In-house market research conducted by Solar Media Ltd can now reveal exclusively that the UK added 223MW of new solar PV during the second quarter of 2016.
This comes after 1.55GW was installed during Q1 2016, bringing the H1 total to 1.78GW.
Deployment was once again heavily weighted to large-scale ground-mount, with over 70% coming from this category. This was a combination of 1.2 ROC and pre-accredited FiT sites all below 5MW, or on sites still forming multiple 5MW split locations.
Interestingly, residential is far from dead in the market, despite the FiT changes from January 2016. The quarterly rates now are about 25-40% of the levels seen during the period from mid-2012 to end-2015, when the rooftop segment was subject to quarterly degressions by government policy-makers.
The full split is shown below, with RT for rooftop and GM for ground-mount.
Within the dominant ground-mount segment, the majority is falling under pre-accredited FiTs (including community split-site builds). However, it is notable that the build-out of 1.2 ROC sites is relatively strong, a market that many industry players thought was going to be too high risk given all the (undefined) caveats surrounding exactly what a ‘valid’ application entails.
However this issue continues to trouble various people in the industry, and it is worth clarifying again. Legislative changes for 1.2 ROC qualification are based on the assumption that valid applications were submitted by the end of 22 July 2016. This does not mean that the projects had to be validated by the local planning authority on that day – simply that the paperwork submitted by the developers on that day included the necessary documents that made up a valid project submission.
This is the key differentiator between the words ‘valid’ and ‘validated’. Unfortunately, there is no magic file from the planning resources (local or REPD consolidated) that sheds light on the valid-vs-validated issue, with often only the ‘submission’ or ‘receipt’ date by the LPA being logged. That in itself is often a red herring alone, before we even begin to debate which projects are valid.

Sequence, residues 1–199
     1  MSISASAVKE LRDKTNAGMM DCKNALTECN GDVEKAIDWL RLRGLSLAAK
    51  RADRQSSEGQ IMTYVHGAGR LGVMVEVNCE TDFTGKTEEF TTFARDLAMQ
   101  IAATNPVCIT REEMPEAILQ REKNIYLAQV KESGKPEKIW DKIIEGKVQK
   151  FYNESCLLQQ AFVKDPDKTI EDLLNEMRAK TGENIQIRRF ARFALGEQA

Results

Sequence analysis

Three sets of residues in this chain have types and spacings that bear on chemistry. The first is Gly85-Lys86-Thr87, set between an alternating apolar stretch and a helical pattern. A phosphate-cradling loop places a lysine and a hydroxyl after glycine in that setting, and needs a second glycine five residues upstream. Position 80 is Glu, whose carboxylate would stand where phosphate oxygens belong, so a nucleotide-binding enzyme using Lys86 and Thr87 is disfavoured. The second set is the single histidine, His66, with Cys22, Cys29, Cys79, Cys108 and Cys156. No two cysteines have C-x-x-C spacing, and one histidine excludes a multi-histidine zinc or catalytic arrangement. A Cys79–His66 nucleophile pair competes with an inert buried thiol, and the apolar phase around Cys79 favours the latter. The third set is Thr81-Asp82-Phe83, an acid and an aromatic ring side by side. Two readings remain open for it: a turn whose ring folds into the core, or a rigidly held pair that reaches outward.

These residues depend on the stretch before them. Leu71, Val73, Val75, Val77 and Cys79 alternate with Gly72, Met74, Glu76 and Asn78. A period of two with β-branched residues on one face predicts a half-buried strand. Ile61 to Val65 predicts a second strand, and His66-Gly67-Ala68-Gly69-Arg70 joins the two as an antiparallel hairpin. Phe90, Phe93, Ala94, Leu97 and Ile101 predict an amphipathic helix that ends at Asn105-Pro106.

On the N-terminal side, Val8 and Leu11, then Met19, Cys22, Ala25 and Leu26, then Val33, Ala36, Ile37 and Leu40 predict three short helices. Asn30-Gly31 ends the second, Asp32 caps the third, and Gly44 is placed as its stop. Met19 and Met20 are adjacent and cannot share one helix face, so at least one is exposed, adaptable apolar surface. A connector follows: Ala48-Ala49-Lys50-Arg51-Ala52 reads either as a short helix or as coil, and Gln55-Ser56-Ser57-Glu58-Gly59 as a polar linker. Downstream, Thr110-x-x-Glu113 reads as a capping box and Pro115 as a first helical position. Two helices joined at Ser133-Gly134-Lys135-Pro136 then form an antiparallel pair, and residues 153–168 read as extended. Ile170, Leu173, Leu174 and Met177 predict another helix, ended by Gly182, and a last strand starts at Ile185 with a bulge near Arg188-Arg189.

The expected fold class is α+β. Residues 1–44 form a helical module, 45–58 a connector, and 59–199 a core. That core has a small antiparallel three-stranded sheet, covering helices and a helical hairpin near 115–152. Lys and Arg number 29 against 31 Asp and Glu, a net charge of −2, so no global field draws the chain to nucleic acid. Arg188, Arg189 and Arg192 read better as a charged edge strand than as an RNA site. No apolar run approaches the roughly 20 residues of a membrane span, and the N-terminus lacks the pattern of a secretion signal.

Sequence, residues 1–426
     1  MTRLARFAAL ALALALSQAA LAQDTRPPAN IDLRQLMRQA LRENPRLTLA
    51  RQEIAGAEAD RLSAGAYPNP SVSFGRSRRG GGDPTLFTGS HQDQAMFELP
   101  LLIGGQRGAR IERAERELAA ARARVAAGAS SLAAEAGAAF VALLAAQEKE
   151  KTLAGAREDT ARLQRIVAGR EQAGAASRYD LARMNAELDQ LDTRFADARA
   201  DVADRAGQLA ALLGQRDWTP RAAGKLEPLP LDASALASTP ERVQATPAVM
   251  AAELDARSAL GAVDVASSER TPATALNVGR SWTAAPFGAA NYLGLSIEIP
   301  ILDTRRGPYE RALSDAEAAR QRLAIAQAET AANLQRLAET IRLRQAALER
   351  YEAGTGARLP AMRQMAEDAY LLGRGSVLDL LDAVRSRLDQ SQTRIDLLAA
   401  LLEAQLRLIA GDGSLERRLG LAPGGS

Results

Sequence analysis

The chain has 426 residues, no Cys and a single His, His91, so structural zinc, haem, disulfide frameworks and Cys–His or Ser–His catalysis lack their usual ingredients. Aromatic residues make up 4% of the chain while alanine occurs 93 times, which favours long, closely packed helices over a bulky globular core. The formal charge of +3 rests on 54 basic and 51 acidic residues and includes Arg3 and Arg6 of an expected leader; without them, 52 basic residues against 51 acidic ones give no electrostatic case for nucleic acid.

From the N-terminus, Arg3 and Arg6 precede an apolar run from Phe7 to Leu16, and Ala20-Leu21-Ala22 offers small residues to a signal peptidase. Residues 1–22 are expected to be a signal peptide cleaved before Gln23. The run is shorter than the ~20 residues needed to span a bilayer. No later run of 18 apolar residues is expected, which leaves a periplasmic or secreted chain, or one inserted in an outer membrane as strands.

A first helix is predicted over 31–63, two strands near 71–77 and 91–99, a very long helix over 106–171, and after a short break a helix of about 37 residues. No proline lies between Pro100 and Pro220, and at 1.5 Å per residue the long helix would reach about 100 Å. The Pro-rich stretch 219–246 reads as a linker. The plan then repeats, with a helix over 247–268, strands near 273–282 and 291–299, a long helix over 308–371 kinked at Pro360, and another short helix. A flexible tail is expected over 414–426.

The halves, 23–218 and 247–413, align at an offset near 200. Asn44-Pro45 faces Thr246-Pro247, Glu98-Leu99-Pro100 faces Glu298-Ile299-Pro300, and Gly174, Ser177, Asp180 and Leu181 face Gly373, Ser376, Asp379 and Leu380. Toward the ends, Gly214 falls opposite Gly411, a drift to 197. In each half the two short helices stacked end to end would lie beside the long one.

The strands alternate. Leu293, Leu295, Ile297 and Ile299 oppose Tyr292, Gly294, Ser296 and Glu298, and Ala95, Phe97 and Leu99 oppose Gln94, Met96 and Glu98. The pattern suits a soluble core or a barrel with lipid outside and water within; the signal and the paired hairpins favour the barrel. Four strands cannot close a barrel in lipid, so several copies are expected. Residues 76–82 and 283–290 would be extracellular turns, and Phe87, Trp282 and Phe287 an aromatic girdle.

Note also there are other conditions for 1.2 ROC validity, including grid-connection offers and evidence of financial commitment by the developers, but it is the ‘valid’ issue that has spooked many not fully in control of the applications submitted on 22 July last year. Anyone in the market today buying consented 1.2 ROC sites is certainly having to bear the upfront legal costs for stringent due-diligence on ROC grandfathering status.
But the fact that deployment has started for 1.2ROCs is extremely positive, and hints at upside to deployment levels under the remaining RO period. Indeed, last week, one of the leading module suppliers and primary site buyers in the UK – Renesola – flagged having almost 300MW of UK solar pipeline with about 50MW in ‘late-stage’. Whether these numbers are real or not (the 300MW seems very high), it does provide a gauge for 1.2 ROC site activity until April 2017.
Returning to the Q2 figure of 223MW, and what we can make of this. It should be remembered that the second quarter in the UK has been seasonally weak in the past few years, mainly due to the pull-in for large-scale sites before 31 March each year. The figure below shows second quarter installation data for the UK going back to 2010.
The above graphic is particularly interesting, and does not yet highlight the changes imposed by the government in the past 12 months. However, the figures for Q2 this time around do have a strong contribution from pre-accredited sites – something that is now winding down and will not contribute again in this way.
As we move through H2 2016 and Q1 2017, there will undoubtedly be more striking differences compared to previous quarters, but for now the focus is simply on completing as many 1.2 ROC sites before 31 March 2017, while getting a handle on what Northern Ireland has to offer until 31 March 2018 before the expected start of the Republic of Ireland build phase for solar farms.